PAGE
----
Feb. 28 - I remember when in 2007 a producer of ABC 20/20 contacted me because they were planning a segment on healthcare in Cuba.

At first they told me that ABC had a bureau in Havana and they could get any information, that I thought would be needed, to show the reality of Cuba's healthcare.

But ABC's bureau in Havana refused to do anything that would be considered "controversial" by Cuba's totalitarian regime.

They were willing to take videos of Cubans rolling cigars; dancing; playing baseball; walking on Havana's Malecon or anything else that would not enrage the Cuban dictatorship.

When asked if they were willing to interview Cuban dissidents, their response was: NO WAY.

Then a few days later they came back with this incredible proposal: "Well, we are willing to interview some dissidents, but first we will have to ask the Cuban government for permission."

After that, we knew that working with ABC's bureau in Cuba would be a waste of time and went ahead to try to get the pictures and videos that were required without using them.

Thanks to the courage of Dr. Darsi Ferrer, who is currently languishing in a jail in Castro's Gulag, ABC was able to get what it wanted.

But that was not the end of it!

When the Cuban regime found out that ABC was preparing a segment about the reality of Cuba's healthcare, they threatened to close ABC's Cuba bureau, even though it had not participated in any way on the 20/20 segment.

In my personal opinion, closing that bureau would have been a good idea, because it would have saved ABC money on something that was completly worthless, at least from a news standpoint.

But the big honchos at ABC felt a different way. They accepted Castro's blackmail and at the end, what was supposed to be a 15 minute segment became a 4 minute blurb announcing another 20/20 program the following week about socialized medicine in the UK and Canada. Only a 10 second video was shown, from about 30 minutes that was filmed by Dr. Ferrer.

Later, thanks to the effort of Humberto Fontova, all the videos were shown on Fox News, which doesn't have a bureau in Cuba and cannot be blackmailed by the Castro brothers.

I bring all that now because of an article in today's Miami Herald about how foreign correspondents lie, when they report from inside Cuba, in order to be able to stay in the island.

Here is the Miami Herald article.

11 Cuban political prisoners have died in hunger strikes since the Castros took power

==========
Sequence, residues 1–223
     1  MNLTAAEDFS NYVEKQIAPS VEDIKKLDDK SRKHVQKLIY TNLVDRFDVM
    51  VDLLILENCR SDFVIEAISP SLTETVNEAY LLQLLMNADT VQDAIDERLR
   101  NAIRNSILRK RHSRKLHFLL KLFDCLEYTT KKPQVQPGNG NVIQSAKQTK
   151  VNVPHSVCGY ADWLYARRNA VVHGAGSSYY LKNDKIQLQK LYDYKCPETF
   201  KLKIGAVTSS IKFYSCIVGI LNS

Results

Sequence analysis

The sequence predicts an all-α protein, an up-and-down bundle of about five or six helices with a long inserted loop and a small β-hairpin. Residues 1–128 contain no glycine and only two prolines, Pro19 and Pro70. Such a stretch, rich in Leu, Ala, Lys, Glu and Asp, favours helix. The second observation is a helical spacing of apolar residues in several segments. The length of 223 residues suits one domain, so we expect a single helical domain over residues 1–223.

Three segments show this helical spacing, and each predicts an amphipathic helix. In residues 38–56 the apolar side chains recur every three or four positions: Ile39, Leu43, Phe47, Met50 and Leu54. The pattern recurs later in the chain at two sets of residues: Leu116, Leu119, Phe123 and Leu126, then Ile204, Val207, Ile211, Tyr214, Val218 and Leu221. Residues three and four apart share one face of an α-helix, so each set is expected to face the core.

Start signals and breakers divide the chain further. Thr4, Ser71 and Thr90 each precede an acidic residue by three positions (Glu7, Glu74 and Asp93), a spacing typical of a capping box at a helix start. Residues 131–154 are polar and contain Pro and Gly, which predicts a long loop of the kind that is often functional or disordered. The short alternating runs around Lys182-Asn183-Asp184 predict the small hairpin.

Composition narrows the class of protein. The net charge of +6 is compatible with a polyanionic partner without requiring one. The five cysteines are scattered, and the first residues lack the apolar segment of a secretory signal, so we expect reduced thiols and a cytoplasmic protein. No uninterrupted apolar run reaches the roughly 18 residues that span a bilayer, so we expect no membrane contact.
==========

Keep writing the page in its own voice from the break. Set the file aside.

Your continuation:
Feb. 28 - Fidel Castro served only 18 months of a 15-year prison sentence for leading an attack on the Moncada Army Barracks.

Dictator, Fulgencio Batista caved to public demands and freed all the attackers.

During their captivity, they had enjoyed privileges for political prisoners -comfortable living conditions, visitors, plentiful reading materials, and participation in group sports.

During the 51-year Castro regime political prisoners have been subjected to very harsh conditions, hard labor, and appalling treatment, including torture, lack of medical attention, and even killings by guards. Many have resorted to hunger strikes demanding humane treatment; sadly, some have paid with their lives.

The main stream media keeps saying that Orlando Zapata is the first Cuban political prisoner to die as a result of a hunger strike, since Pedro Luis Boitel died in 1972. But that information is incorrect.

There are eleven, not two, political prisoners who have died in Cuban prisons in hunger strikes.

Cuba Archive has photos and a detailed description of all the 11 Cuban prisoners who have died during hunger strikes in Castro's Gulag. (Document is on PDF format)

Lula takes a bath with the murderers of Orlando Zapata Tamayo, by Pong

Lula had a great time meeting with Cuba's walking corpse

Feb. 24 - Less than 24 hours after the death of Cuban prisoner of conscience Orlando Zapata Tamayo, Brazilian President Lula da Silva had a very friendly meeting with his murderers.

Lula met with Cuba's walking corpse and his brother, made jokes, laughed a lot and never asked a question about their latest victim.

Orlando Zapata Tamayo was a prisoner of conscience.